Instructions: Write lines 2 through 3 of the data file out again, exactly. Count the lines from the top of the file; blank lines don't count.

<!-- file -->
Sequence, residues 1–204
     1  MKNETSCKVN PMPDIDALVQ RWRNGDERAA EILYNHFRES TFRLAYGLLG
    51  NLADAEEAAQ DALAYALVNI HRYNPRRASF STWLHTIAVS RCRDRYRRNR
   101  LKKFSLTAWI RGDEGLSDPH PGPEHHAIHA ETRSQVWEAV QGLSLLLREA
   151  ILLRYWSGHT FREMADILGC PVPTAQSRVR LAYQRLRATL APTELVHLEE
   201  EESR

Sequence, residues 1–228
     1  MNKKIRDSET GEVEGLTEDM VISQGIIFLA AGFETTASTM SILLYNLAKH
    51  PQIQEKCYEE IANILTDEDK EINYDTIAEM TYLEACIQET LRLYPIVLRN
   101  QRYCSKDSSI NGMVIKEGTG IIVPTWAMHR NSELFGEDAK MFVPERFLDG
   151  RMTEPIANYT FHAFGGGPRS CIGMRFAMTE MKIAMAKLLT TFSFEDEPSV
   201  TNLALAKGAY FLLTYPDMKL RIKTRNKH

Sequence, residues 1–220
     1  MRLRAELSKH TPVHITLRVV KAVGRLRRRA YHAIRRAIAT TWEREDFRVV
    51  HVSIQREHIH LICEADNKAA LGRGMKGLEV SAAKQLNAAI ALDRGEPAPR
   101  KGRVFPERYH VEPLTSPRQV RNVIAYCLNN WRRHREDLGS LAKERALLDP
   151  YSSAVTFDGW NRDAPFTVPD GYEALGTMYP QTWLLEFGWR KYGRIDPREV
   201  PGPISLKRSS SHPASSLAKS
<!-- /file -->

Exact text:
     1  MKNETSCKVN PMPDIDALVQ RWRNGDERAA EILYNHFRES TFRLAYGLLG
    51  NLADAEEAAQ DALAYALVNI HRYNPRRASF STWLHTIAVS RCRDRYRRNR